Other suggestions: “Gregor the Overlander” by Suzanne Collins (“Underland Chronicles”), “Midnight for Charlie Bone” by Jenny Nimmo (“Children of the Red King” series), “Dragon Slayers’ Academy” series by Kate McMullan, “The Dragonslayers” by Bruce Coville, “Bright Shadow” by Avi, “Circle of Magic” series by Tamora Pierce.

Sally Chilson

Youth services coordinator, Spokane Public Library

Chilson opts for British author Angie Sage’s “Septimus Heap” series, which comprises “Magyk,” “Flyte” and “Physik.” While language purists might not like the intentional misspellings, Potter fans might relate to Sage’s characters the way they have to Rowling’s.

“It’s a similar story,” Chilson said. “Septimus is a boy who doesn’t know his true identity and goes through all sorts of mystical journeys.”

Other suggestions: “The Bartimaeus Trilogy” (“The Amulet of Samarkand,” “The Golem’s Eye,” “Ptolemy’s Gate”) by Jonathan Stroud, “Percy Jackson” series (“The Lightning Thief,” “The Sea of Monsters,” “The Titan’s Curse”) by Rick Riordan.

Mary Ellen Braks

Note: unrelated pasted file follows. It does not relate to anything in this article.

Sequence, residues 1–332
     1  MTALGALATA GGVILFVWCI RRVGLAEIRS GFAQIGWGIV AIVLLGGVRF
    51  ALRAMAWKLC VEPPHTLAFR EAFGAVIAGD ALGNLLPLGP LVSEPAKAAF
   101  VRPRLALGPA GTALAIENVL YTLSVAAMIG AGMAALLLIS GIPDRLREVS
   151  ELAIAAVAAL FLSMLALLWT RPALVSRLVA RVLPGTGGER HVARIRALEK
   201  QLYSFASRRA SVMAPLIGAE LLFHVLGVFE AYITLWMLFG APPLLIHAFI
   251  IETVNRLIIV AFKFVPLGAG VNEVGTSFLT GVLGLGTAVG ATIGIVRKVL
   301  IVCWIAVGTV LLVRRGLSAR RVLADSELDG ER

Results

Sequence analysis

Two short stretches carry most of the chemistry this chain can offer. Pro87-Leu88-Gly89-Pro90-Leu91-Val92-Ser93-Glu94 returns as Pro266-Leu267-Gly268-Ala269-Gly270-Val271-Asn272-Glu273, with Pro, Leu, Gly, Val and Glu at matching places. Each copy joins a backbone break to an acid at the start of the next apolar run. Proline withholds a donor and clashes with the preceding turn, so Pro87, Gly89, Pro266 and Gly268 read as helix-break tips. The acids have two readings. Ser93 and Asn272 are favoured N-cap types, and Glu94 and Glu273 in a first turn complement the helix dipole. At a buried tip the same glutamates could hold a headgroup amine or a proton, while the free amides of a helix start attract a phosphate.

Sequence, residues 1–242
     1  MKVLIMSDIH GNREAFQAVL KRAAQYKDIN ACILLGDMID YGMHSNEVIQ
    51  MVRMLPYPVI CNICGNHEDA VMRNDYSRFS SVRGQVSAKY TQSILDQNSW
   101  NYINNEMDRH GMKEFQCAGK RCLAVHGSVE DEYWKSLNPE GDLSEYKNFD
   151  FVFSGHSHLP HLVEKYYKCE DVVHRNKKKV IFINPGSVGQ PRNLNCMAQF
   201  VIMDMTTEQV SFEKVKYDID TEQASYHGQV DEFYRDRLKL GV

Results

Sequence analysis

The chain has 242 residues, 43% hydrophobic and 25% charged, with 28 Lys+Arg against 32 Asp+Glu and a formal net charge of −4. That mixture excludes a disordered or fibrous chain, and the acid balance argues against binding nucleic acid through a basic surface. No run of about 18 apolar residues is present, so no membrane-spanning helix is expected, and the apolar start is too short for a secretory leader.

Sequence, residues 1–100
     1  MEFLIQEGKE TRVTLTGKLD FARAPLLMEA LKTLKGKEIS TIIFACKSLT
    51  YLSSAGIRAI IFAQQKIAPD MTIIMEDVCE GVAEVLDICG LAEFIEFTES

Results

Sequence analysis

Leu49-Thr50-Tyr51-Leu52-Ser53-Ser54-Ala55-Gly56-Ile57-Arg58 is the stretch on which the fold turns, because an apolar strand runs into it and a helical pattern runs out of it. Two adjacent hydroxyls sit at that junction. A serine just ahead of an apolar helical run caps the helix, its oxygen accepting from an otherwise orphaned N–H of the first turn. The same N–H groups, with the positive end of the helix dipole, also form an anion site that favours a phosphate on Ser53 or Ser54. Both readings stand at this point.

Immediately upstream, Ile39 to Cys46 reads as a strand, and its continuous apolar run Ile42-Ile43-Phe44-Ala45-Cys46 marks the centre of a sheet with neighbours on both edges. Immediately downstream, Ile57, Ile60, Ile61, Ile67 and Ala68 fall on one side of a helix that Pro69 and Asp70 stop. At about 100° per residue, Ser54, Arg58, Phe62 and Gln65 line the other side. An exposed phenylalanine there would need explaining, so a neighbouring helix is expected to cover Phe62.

One of two youth services supervisors

for Spokane County Library

Sticking with the mystical theme, Braks suggests Irish author Eoin Colfer’s “Artemis Fowl” series, which centers on the child prodigy/criminal mastermind Artemis Fowl II.

“It’s fairies and magic,” said Braks, “not so much magic.”

Other suggestions: Fourth grade and up, “Poppy” by Avi (“This series follows the adventures of Poppy, a little deer mouse, who moves the family next to a cornfield big enough to feed them forever”); fifth grade and up, “So You Want to be a Wizard” (first in the “Young Wizards Series”) by Diane Duane (“Follow Nita, who discovers the wizarding world as she is trying to escape a gang of bullies”); older teens, “Sisterhood of the Traveling Pants” by Anne Brashares (“Four best girlfriends spend the biggest summer of their lives enchanted by a magical pair of pants”).

Jan Baker

Assistant manager, NorthTown Mall Barnes & Noble